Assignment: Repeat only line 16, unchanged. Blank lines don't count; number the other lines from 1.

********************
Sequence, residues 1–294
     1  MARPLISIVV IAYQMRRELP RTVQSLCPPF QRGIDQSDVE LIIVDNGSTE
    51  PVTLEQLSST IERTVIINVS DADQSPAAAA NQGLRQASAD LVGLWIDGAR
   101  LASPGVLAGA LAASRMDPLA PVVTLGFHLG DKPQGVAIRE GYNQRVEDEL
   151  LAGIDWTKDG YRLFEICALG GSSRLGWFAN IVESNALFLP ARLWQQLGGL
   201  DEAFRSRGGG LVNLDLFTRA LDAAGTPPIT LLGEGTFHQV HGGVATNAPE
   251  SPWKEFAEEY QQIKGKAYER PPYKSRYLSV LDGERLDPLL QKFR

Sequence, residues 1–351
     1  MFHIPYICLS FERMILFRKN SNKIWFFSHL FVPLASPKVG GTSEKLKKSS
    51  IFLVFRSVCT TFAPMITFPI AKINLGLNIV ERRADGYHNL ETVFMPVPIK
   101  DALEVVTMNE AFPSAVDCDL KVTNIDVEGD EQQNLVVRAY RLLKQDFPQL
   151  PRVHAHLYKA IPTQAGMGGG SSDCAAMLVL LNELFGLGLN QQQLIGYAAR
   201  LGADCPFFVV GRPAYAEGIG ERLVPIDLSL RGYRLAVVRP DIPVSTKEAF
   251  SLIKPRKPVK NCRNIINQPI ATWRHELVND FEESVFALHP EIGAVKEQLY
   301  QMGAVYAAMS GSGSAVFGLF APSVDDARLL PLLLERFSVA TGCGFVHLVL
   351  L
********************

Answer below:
   351  L